It wouldn’t be much a nu cumbia post if I didn’t include the newest release by Los Master Plus. The hilarious duo is back again on the radar with their three track EP “Sin Llolar” gearing up for their spring album release.

Cumbirichi comes at us with a new and very different cumbia take on the Damien Marley (one hit wonder as it stands these past few years) “Welcome To Jamrock.”

Since coming onto the scene I have greatly promoted the efforts of Reptilian Commander. Now he has his EP out with several of the tracks I featured in the past. With the help of La Ronca Records, with lots of moombahton but also a good amount of nu cumbia, here is “InBASSion Tropicgalactica.”

What can I say about Pa Changas that I haven’t already? These guys really come together as a true collective to support, grow and promote their presence in the global bass and nu cumbia scenese. Earlier this week I presented a special anniversary article for their second anniversary compilation album. For free download, Pa Changas delivers to their fans and supporters with much effort.

Instead of reposting the tracks here, please go here to the original article where all their tracks can be heard along with the free download links.

I have another video here for the innovative cumbia lovers. I hinted earlier that the name of Add on de Bass would appear later, and later is now. This video is a live performance of Add on de Bass performing his cumbia – drum and bass live in front of a pleased audience.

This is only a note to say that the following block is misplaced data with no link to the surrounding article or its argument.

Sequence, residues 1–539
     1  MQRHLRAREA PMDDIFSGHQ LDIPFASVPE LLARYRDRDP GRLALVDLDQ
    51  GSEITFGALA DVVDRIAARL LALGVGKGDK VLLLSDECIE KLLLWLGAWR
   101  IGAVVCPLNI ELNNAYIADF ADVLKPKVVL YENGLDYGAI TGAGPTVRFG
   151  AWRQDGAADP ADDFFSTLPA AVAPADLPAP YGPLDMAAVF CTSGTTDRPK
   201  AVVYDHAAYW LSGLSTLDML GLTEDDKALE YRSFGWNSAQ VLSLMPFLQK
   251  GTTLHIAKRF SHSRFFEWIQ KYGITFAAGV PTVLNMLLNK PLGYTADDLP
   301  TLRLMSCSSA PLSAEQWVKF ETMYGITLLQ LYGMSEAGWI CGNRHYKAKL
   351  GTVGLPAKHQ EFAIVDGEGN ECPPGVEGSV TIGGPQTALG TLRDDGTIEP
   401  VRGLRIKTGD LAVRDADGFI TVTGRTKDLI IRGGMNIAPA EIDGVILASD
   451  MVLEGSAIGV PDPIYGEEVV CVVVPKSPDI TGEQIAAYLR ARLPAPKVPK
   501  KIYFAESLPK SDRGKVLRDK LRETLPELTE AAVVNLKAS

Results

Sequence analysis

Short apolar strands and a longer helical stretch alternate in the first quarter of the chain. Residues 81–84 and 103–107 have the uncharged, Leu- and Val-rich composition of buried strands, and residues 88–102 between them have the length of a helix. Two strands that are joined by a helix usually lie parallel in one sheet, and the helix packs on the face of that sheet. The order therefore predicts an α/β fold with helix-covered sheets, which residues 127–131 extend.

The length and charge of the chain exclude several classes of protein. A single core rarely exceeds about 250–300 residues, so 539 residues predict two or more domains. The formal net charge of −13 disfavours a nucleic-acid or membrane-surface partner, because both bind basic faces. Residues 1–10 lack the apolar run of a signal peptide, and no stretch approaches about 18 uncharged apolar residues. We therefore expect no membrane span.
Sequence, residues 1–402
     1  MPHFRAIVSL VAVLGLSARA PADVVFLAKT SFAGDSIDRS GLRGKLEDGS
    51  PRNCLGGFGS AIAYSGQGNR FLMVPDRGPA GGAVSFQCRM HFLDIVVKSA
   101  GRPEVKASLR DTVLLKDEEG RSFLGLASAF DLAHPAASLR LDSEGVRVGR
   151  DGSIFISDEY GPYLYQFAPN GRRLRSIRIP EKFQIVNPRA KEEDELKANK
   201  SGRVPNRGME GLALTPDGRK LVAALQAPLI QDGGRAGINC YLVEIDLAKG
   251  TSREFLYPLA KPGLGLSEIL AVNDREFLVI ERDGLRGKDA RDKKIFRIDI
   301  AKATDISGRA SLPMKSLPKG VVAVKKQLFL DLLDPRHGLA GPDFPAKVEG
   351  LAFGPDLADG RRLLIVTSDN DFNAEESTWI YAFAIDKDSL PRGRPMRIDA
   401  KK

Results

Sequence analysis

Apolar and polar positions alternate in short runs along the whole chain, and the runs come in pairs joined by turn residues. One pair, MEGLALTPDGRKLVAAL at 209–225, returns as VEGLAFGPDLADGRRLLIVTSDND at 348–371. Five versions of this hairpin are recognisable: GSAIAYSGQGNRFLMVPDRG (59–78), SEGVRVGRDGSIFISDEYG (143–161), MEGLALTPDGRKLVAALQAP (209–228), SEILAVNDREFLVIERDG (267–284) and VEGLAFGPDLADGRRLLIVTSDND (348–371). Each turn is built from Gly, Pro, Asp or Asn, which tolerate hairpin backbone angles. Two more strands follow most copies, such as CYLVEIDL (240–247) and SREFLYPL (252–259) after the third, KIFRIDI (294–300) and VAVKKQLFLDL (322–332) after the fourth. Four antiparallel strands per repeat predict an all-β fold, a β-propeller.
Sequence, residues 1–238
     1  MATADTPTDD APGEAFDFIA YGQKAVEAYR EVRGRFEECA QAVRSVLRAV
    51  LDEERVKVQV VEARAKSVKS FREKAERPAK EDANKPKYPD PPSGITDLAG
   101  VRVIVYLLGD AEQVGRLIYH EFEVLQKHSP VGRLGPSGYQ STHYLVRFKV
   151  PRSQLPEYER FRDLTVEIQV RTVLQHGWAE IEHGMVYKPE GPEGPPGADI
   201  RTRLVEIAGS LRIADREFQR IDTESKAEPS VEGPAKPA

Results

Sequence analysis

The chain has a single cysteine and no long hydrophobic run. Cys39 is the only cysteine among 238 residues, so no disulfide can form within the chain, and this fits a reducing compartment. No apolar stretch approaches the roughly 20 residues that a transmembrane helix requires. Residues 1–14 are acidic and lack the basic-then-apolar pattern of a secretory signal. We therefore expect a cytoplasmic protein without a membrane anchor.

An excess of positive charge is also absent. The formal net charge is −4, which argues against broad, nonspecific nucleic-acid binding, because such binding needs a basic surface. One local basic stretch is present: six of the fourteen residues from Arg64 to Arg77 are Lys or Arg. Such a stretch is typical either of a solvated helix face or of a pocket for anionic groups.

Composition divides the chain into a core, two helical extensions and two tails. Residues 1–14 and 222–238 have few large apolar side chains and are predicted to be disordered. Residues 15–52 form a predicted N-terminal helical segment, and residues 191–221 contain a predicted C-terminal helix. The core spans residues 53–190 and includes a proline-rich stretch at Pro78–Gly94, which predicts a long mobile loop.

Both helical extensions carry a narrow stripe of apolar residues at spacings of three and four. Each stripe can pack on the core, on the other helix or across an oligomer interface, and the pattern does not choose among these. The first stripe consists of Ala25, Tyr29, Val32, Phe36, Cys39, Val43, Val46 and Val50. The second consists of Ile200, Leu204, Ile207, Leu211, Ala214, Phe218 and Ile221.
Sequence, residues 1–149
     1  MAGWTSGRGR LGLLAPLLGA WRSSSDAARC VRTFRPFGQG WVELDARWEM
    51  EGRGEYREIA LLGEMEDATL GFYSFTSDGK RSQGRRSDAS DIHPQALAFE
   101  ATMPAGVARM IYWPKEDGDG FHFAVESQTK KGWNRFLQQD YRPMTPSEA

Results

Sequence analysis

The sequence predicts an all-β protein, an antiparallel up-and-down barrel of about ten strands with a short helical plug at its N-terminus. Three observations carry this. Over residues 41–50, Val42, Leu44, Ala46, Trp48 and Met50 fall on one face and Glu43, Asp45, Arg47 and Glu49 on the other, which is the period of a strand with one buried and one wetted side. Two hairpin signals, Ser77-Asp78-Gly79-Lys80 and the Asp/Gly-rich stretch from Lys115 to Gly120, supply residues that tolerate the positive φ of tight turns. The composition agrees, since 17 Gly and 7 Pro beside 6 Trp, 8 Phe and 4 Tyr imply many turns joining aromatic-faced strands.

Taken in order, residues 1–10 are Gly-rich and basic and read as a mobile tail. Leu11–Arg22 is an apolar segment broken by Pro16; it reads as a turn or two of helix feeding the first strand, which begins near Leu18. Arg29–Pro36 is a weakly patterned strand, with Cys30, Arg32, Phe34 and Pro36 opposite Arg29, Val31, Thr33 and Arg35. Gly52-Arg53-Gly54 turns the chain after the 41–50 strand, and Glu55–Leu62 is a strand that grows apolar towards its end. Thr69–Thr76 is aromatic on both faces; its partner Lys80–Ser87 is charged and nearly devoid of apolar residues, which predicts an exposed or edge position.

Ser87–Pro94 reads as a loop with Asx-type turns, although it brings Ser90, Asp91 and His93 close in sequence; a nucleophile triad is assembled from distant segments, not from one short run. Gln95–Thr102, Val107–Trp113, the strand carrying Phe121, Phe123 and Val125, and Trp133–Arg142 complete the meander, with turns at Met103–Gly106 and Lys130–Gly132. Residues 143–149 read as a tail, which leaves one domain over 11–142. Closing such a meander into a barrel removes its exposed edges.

Intiche is coming out with a new album very soon. But as a celebration of his released work last year here is a live mix from him. This also received recent exposure my Dee Jay Umb here on Generation Bass.

Quintin Tarantino really knows how to sell a good movie idea. I’m not saying it’s not difficult to appeal to the Hollywood executives with strong a Jewish fictional tale of a group of rogue Jewish WWII soldier hunting Nazis and burning Hitler alive in a movie theatre in France, oh and led by the atheist gentile Brad Pitt, throws in a few brownie points. Next he came at the executives with a story about a bounty hunter freeing a black slave in Mississippi to help him hunt down a plantation owner to save his wife. This plot also sits well with the narcissistic Hollywood elite and is a joy for them to financially back. This shows that Hollywood is tolerant and doesn’t just crave money and attention. The last sentence may be a fallacy but the plots in my opinion are awesome for the simple sake of being, awesome. So do what you have to do Tarantino and do it with style.

Now after my long and unnecessary introduction, here is Andres Digital’s cumbia remix “La Cumbia del Django.”

Here we have another video. This time we travel to Argentina with a soon to be released documentary covering cumbia villera called “Alta Cumbia.”

One track not covered often in cumbia is “Song 2” by Blur. I remember I was one of the many people back in the day to run out and buy this album when it was first released because of “Song 2.” And after doing so, realized that the song is under two minutes and is really the only good song on the album.

Well Astros de Mendoza brings Song 2 back to my attention with their new fun remix.

You might be thinking, “Panikoo again!” And the answer is “yes, of course.” As long as he keeps releasing dope tunes I will be there to collect them and share here. Thus is the case with his newest one.

Anyone who has been desperately awaiting a new Toy Selectah track was treated earlier this week with his new cumbia mashup of M83’s “Midnight City” and Rihanna’s “Diamonds.”

I really am happy to be chosen by so many to be an international curator of nu cumbia. It is an honor. It came my way blindly and accept it with much pleasure and respect. I’m not going away any time soon.